I made a fourth attempt at running a session of my "Spirit of the Century" game using Roll20, this time using Google+ Hangouts rather than Tokbox, and this time it worked! Audio lag was slight enough that we were able to play, so we did not switch to another facility after a few minutes, but played all three-and-a-half hours in Roll20. Yay!
Position doesn't matter much in Spirit of the Century , besides which Roll20s drawing tools are not usable enough for sketching maps on the fly so I didn't use the page for a map. Instead I laid it out as a triple character sheet, with each character in a column and a space at the bottom for Fate-Point tokens. This worked pretty well, but I think next time I will put just the characters' Aspects on the layout, and leave room for scene Aspects and for space to move Fate Point counters to indicate vanilla bonuses, minor Declarations, and powering Stunts.
To keep track of Fate Points I make a token out of a picture of a poker chip, made three copies, assigned each copy to the control of a different player and placed it in a rectangle on the page assigned to his character, and then used copy-and-paste to make a sufficient number of duplicates of each. When a player spent a Fate Point I deleted one of his tokens, when he gained a Fate Point I copied one of his existing tokens and pasted it to give him another. Players, having control of their own poker chips, were able to move them from their stockpile area to different places on the layout to indicate different ways of spending the points. But they weren't able to delete them.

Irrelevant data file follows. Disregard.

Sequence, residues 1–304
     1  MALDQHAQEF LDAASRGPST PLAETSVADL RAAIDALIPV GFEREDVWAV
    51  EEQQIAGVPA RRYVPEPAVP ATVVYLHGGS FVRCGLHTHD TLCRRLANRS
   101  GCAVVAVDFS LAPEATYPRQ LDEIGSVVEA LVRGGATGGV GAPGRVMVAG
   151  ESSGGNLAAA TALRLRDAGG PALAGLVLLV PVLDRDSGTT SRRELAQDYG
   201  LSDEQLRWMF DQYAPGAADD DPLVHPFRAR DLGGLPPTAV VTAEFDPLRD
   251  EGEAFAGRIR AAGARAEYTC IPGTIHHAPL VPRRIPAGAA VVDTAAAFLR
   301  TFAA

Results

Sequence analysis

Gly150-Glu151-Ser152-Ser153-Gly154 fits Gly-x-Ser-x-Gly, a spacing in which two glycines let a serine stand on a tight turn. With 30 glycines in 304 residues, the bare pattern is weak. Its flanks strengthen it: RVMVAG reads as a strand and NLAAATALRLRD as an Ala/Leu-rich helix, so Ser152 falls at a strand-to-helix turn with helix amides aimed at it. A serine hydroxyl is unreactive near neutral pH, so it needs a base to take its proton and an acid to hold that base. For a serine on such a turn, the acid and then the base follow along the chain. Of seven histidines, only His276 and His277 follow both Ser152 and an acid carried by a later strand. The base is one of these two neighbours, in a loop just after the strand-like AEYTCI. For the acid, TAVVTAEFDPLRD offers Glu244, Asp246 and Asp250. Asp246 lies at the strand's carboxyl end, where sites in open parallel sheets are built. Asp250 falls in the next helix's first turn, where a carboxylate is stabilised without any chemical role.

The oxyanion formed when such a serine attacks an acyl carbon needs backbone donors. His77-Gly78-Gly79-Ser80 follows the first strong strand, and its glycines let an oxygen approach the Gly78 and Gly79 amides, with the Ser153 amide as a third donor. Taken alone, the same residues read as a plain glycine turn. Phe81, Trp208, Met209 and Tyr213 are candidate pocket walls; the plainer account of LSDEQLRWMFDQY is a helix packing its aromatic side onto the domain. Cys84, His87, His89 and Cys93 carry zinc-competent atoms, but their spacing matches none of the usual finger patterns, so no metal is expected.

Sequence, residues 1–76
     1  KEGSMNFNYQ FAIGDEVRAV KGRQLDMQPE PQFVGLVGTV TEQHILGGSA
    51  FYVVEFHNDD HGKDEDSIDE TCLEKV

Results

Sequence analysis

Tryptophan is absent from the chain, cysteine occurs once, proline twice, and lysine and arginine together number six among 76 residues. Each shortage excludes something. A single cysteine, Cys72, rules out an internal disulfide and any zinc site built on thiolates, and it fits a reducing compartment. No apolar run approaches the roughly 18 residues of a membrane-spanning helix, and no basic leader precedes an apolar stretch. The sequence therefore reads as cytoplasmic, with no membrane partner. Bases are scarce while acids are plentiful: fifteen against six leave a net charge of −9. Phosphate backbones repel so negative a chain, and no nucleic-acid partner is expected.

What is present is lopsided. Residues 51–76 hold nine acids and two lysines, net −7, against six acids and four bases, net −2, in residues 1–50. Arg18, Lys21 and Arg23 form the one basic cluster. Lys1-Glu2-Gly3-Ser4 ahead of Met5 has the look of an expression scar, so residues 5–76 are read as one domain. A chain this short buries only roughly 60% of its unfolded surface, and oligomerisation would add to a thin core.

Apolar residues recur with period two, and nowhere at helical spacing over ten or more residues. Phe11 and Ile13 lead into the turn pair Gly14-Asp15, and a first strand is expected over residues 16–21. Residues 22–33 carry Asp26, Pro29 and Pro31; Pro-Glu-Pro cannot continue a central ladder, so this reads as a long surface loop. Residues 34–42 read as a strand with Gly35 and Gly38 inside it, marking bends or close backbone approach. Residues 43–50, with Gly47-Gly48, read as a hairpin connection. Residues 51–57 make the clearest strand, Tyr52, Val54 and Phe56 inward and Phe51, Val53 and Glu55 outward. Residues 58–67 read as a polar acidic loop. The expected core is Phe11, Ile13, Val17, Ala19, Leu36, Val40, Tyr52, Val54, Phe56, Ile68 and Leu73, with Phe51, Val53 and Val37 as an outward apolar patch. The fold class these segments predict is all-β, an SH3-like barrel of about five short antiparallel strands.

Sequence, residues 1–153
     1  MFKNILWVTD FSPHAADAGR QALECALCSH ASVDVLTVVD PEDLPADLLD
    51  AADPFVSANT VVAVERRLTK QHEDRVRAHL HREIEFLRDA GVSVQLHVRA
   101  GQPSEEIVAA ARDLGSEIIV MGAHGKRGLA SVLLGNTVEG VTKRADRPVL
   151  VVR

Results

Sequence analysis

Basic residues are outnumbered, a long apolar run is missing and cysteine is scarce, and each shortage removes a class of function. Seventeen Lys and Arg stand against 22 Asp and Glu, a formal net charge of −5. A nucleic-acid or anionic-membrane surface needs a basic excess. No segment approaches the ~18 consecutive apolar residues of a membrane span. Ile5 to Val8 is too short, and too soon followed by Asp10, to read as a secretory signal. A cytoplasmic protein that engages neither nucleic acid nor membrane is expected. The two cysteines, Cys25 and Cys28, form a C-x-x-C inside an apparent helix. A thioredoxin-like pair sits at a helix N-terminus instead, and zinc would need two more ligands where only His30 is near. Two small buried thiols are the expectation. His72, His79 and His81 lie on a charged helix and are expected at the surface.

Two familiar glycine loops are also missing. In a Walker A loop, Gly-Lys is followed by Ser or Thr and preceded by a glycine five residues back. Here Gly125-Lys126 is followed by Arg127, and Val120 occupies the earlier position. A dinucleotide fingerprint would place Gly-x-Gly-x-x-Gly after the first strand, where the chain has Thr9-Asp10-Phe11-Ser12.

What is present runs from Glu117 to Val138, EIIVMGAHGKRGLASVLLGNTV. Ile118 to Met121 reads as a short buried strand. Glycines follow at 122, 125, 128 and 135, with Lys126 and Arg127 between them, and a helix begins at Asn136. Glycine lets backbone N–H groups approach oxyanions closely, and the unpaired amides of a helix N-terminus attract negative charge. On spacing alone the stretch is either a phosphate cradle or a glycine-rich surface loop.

It would have been handy to be able to duplicate a Fate Point token with a single command-D rather than copy it, paste it, find it, and then drag it.
Next time I will create several different poker chip tokens of different colours, assign one to each player, and duplicate them as needed. That way I'll have a clear visual indication of who has control of/has spent each token.
Using tokens for poker chips was okay as a stop-gap, but it isn't fully satisfactory. Having the radial menus of poker chips pop open from time to time is a minor nuisance. More importantly, players' collections of chips don't migrate from page to page. Which means that if I did want to draw a zone map and use character tokens players wouldn't be able to use the Fate Point interface while I have the "players" ribbon on the map.
Google+ Hangouts gave us better audio latency than Tokbox, which was crucial. But there were prices paid. Google claimed pretty broad strips at the top and bottom of the page, restricting the available window space. It was a price that I was happy to pay, but perhaps Paully, confined to a laptop screen, was less happy about it.
Video sometimes lagged badly, or froze, but we could play on as long as audio wasn't too badly lagged.
The other players used the dice emulator happily. I stuck to my actual dice.